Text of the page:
At midnight on Janmāṣṭamī, the Mathurāvāsīs began to sing, “Nanda ke ānanda bayo, jaya kanhaiyā lal ki—(Nanda’s son has been born; all glories to baby Kanhaiyā!)” Hearing this kīrtana joyously sung by the thousands of faithful assembled in Keśavajī Gauḍīya Maṭha, Nimāi dāsa Bābājī got up and began to dance in ecstasy. Śrīla Gurudeva quickly came over to make sure the Bābājī didn’t fall and get hurt.
“Mahārāja,” Nimāi dāsa Bābājī told Gurudeva, “you have been victorious over the Mathurā wallas! I am happily surprised to hear everyone sing—Nanda ke ānanda bayo, jai kanhaiyā lal ki! In Mathurā they chant, ‘Jaya Vasudeva-nandana, Jaya Devakī-nandana!’ They don’t normally glorify Kṛṣṇa as the son of Nanda and Yaśodā. But now I see you have engendered love for Nanda-nandana and have brought Vraja to Mathurā!”
Nimāi dāsa Bābājī Mahārāja again sat down; then he loudly recited the verse—jayati jana-nivāso devakī-janma-vādo—He is not really Devakī’s son (Śrīmad-Bhāgavatam 10.90.48). Nimāi dāsa Bābājī cried gleefully, “Devakī janma vado—this is only a theory. Kṛṣṇa is Nanda and Yaśodā’s son!”
Nimāi dāsa Bābājī embraced Gurudeva. “Mahārāja,” he said, “I have been living in Vraja-maṇḍala since Prabhupāda’s disappearance and have been trying to convince people that Kṛṣṇa is not Devakī-nandana but Yaśodā-nandana and Nanda-nandana—but no one believed me. But I see that you have changed the hearts of thousands. This brings me boundless joy!”
The next day was Nandotsava, the festival in which Nanda Mahārāja celebrated the birth of his son. Over ten thousand people honored prasāda during the celebration at Keśavajī Gauḍīya Maṭha, and dried prasādam was packaged and sent to devotees around India. Throughout the day, throngs of faithful moving through the temple sang the glories of Nanda-nandana Kṛṣṇa.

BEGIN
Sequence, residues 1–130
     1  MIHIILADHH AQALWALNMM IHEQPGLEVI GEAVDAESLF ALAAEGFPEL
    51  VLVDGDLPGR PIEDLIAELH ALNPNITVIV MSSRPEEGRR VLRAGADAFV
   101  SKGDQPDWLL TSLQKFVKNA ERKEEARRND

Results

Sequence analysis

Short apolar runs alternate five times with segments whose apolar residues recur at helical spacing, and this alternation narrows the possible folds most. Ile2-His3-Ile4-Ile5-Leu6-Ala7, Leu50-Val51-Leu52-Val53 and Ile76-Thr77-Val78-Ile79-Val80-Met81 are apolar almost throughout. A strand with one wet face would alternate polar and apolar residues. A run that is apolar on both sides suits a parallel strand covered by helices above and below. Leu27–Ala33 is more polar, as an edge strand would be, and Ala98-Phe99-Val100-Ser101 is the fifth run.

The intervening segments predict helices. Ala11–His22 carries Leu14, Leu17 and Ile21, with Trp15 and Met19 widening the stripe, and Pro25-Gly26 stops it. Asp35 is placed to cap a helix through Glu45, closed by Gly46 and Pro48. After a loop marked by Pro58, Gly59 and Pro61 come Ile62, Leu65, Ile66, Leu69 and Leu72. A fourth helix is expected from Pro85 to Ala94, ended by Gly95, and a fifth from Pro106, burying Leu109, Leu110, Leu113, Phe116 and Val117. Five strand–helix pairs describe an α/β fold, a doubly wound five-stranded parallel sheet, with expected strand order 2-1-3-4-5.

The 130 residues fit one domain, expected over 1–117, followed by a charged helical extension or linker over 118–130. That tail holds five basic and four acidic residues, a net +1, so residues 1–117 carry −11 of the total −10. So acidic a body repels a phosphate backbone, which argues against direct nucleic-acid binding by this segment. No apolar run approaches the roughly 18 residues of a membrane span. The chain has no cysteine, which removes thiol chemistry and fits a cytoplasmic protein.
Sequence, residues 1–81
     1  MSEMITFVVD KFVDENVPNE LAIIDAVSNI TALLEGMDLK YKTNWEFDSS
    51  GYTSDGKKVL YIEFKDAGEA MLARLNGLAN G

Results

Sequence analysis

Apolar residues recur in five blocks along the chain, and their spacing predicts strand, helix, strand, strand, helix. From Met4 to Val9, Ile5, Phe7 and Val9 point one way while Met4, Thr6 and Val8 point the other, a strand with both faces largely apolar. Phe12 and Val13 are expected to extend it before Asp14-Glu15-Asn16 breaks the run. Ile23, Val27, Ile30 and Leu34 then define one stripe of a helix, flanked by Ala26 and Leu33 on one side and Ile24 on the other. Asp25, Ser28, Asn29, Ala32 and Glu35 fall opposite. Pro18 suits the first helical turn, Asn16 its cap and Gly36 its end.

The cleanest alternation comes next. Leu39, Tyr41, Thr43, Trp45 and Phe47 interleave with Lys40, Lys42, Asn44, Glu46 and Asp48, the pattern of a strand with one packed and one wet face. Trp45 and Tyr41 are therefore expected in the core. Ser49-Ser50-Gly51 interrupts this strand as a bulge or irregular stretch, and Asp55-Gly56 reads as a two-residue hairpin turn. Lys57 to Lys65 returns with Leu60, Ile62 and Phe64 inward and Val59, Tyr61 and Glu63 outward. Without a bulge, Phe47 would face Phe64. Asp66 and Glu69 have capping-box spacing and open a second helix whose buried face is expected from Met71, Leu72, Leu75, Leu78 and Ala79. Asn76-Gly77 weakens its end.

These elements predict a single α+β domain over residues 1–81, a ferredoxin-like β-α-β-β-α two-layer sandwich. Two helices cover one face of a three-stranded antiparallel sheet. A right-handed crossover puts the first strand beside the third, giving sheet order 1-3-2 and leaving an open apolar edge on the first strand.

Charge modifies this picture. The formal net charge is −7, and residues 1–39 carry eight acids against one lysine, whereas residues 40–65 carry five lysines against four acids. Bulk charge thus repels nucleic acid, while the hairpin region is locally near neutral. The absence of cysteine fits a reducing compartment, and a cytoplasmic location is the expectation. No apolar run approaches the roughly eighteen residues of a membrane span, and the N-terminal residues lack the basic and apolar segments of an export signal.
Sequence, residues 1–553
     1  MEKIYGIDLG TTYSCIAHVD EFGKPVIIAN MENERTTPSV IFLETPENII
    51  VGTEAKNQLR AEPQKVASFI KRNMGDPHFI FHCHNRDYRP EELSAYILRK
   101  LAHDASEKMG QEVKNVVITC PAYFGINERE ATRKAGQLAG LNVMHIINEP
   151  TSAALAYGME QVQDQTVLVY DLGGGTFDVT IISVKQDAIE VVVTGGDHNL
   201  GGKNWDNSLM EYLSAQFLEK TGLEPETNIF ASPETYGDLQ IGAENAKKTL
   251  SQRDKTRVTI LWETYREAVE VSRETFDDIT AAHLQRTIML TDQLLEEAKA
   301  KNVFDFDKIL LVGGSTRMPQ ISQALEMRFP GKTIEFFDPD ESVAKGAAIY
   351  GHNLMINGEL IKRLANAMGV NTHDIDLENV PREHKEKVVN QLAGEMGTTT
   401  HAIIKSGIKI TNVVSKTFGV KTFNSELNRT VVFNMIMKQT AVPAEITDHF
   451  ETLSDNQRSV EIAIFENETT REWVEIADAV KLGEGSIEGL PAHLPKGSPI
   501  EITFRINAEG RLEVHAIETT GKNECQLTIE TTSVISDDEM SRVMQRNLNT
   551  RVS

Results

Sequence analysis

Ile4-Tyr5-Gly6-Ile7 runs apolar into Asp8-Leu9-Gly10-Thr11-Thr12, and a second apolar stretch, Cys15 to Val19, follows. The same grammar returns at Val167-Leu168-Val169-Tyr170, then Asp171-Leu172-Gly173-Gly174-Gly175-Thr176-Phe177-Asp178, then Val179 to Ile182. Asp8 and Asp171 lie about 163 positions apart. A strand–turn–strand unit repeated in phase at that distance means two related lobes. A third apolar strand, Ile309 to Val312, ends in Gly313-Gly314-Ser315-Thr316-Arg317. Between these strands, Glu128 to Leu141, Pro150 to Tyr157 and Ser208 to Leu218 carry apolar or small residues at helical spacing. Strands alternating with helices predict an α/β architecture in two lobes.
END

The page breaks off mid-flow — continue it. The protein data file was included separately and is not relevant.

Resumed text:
Witnessing this scene, Nimāi dāsa Bābājī Mahārāja declared to Gurudeva, “My life is successful! No one is announcing the birth of Vasudeva’s son. Now, even in Mathurā, everyone is celebrating the birth of Nanda-nandana!”
Śrīla Gurudeva annually invited the paṇḍitas of Mathurā for a discussion on kṛṣṇa-tattva, and whether or not Kṛṣṇa is Vasudeva-nandana or Nanda-nandana. In India, the opinion of the vox populi is that Kṛṣṇa was born in Mathurā; Vasudeva Mahārāja took Him to Gokula and returned with the daughter of Nanda Mahārāja. While Śrīla Gurudeva changed the nature and conceptions of the simple-hearted residents of Mathurā, the mindsets of those who consider themselves great scholars are harder to transform. The Mathurā paṇḍitas spoke in favor of Vasudeva Kṛṣṇa or Dvārakādīśa Kṛṣṇa, and then Gurudeva, with numerous quotations from śāstra, firmly established that Kṛṣṇa is the dear son of Nanda and Yaśodā. Defeated, the paṇḍitas hung their heads, unable to respond. After the debate, Śrīla Gurudeva gave all the discussants boxes of sweets, fine shawls, and donations, and he spoke kind words with them. Gurudeva’s gracious conduct won over their hearts and, although they had difficulty embracing it, they accepted Śrīla Gurudeva’s proven conclusion. “You are a Vrajavāsī,” they said, “and we are Mathurāvāsīs. What can we do? It is difficult to change our nature.”
Excerpted from the Bhakta Bandhav Publications, “Sri Guru Darsana”